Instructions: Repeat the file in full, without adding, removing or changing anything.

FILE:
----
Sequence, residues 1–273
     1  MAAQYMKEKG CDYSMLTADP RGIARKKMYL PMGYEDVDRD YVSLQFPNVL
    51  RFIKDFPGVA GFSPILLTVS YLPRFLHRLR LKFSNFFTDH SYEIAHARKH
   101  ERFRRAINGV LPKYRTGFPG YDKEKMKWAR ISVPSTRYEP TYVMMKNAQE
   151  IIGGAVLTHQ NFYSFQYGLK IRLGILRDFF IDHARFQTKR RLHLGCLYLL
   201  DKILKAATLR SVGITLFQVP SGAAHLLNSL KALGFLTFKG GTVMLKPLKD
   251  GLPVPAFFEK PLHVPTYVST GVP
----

Sequence, residues 1–273
     1  MAAQYMKEKG CDYSMLTADP RGIARKKMYL PMGYEDVDRD YVSLQFPNVL
    51  RFIKDFPGVA GFSPILLTVS YLPRFLHRLR LKFSNFFTDH SYEIAHARKH
   101  ERFRRAINGV LPKYRTGFPG YDKEKMKWAR ISVPSTRYEP TYVMMKNAQE
   151  IIGGAVLTHQ NFYSFQYGLK IRLGILRDFF IDHARFQTKR RLHLGCLYLL
   201  DKILKAATLR SVGITLFQVP SGAAHLLNSL KALGFLTFKG GTVMLKPLKD
   251  GLPVPAFFEK PLHVPTYVST GVP